Neilson Barnard/FilmMagic

Actor and director Mario Van Peebles has been on the screen since 1971. He has directed several episodes of shows such as 21 Jump Street but he made his feature film directorial debut in the drug-filled crime movie New Jack City, for which he is best known. This was followed by Posse in 1993, Panther in 1995 and Love Kills in 1998. He gets his art chops from his famous father Melvin Van Peebles, who is most known for the iconic film and action thriller Sweet Sweetback’s Baadasssss Song.

Rashida and kidada Jones/Quincy Jones

From left to right: Kidada Jones, Quincy Jones and Rashida Jones during Disney’s Alice in Wonderland Mad Tea Party at Private Residence in Los Angeles, California, United States. (Photo by Donato Sardella/WireImage for Disney Consumer Products)

Actress and director Rashida Jones has spent her life in the celebrity world but she grew into the breakout star in the series Parks and Recreation. The daughter of writer and composer Quincy Jones, Rashida Jones’ turn into the spotlight does not come without her acknowledging her father. Her sister, designer Kidada Jones, was the best friend to entertainer Aaliyah and was engaged to Tupac Shakur. Their father was the producer, with Michael Jackson, of Jackson’s albums Off the Wall (1979), Thriller (1982), and Bad. Rashida Jones’ new show Claws on FX has been catching waves. For Quincy Jones’ 80th birthday, Rashida Jones wrote a tribute to her father for Variety.com titled Billion-Dollar Maestro.

“Although we would like to reduce a lifetime of accomplishment to the 27 Grammy Awards, seven Oscar nominations and numerous lifetime achievement awards, we shouldn’t. No, the most important contribution my dad has given this world is the life he lives. My dad is an enormous beating heart. I am deeply honored to consider myself the daughter of the best role model on earth. Happy birthday, Daddy. I love you without end.”

Tracee Ellis Ross/Diana Ross

Recording artist Diana Ross (left) and daughter actress Tracee Ellis Ross attend the 42nd Annual American Music Awards at the Nokia Theatre L.A. Live on Nov. 23, 2014, in Los Angeles. (Photo by David Livingston/Getty Images)

Actress Tracee Ellis Ross and her mother, singer Diana Ross, have always been supportive of each other. And there’s nothing that expresses a mother’s love like taking out a full-page ad when your daughter receives an Emmy nod. For Ellis Ross, this is completely normal for their mother-daughter bond. And even when Diana Ross was in her prime, she found time to be the mother Ellis Ross hopes to be when she starts a family of her own. “My mom was very glamorous, but that was her work world,” Ellis Ross told the New York Times Magazine. “Our home was filled with beautiful things. My mom had beautiful clothes; my mom is elegant; my mom is glamorous. But my mom is also really real, and I grew up with a mother who had babies crawling on her head and spitting up on her when she was wearing gorgeous, expensive things, and it was never an issue.”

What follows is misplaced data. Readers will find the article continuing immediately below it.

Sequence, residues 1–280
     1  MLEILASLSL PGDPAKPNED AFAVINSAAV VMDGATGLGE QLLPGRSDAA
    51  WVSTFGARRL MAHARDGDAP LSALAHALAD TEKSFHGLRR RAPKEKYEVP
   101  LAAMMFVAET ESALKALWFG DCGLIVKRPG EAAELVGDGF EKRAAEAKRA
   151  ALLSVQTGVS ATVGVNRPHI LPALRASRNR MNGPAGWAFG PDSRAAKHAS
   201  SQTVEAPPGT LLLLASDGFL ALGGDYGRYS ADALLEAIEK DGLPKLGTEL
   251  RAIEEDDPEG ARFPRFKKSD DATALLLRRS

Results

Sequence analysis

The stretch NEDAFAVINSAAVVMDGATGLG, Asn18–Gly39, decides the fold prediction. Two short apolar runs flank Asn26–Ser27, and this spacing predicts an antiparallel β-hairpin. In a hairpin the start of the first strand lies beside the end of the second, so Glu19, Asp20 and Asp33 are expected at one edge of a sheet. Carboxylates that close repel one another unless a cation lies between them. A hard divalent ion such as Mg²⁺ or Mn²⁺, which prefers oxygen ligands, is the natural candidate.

Zoe Kravitz/Lenny Kravitz and Lisa Bonet

From left to right: Zoe Kravitz, Lenny Kravitz and Lisa Bonet arrive at the Saint Laurent at The Palladium at Hollywood Palladium on Feb. 10 in Los Angeles. (Photo by Steve Granitz/WireImage)

Growing up with a Grammy-winning rock star father and a sultry film star mother, actress, singer and model Zoe Kravitz was bound to take advantage of her creative genes and follow in the footsteps of both parents. Kravitz’s father, Lenny, and mother, Lisa Bonet — best known as Denise Huxtable on The Cosby Show — were in their 20s when they decided to elope in 1987. Yet, the pair, who divorced six years later, was sure to grant their daughter the opportunity to live as a regular kid. “[My mom] wanted to give me an opportunity to be a normal kid,” Kravitz told Complex magazine in a 2015 feature interview. “She wasn’t raised by nannies; she has a close relationship with her parents (whom she calls her “buddies”). I don’t think anyone knows how funny we are. It’s like this whole thing where people think we’re so cool and hippie and wear velvet, but we’re the nerdiest people.”

Lil’ Romeo/Master P

Master P (left) and Romeo Miller attend WE TV’s Growing Up Hip Hop premiere party at Haus on Dec. 10, 2015, in New York. (Photo by Mike Pont/WireImage)

Percy Romeo Miller III, better known as Lil’ Romeo, was always told he could do whatever he wanted to in life. And so, he tried. Lil’ Romeo captured the hearts of preteen girls across America when he entered the rap scene in 2001. From there, he went on to star in his own Nickelodeon show, and even gave his hoop dreams a chance at the University of Southern California. Now, Lil’ Romeo is spending his time following in the footsteps of his music mogul father Master P, who created his multimillion-dollar No Limit Records empire back in the early 1990s. The New Orleans native has never lost focus of what’s really important in life. Even early on in his career, Lil’ Romeo knew there was always one thing that would remain consistent: “My family,” Lil’ Romeo said during a 2003 interview with CBS. “Family always gonna be there. The material things, they come and go.” As far as Lil’ Romeo’s successful career at such a young age, Master P couldn’t believe it himself. “I never expected Romeo to grow up and be a big superstar entertainer,” Master P said. “I was just, like, ‘Man, this is my child. I want him to have better things than I had.’ ”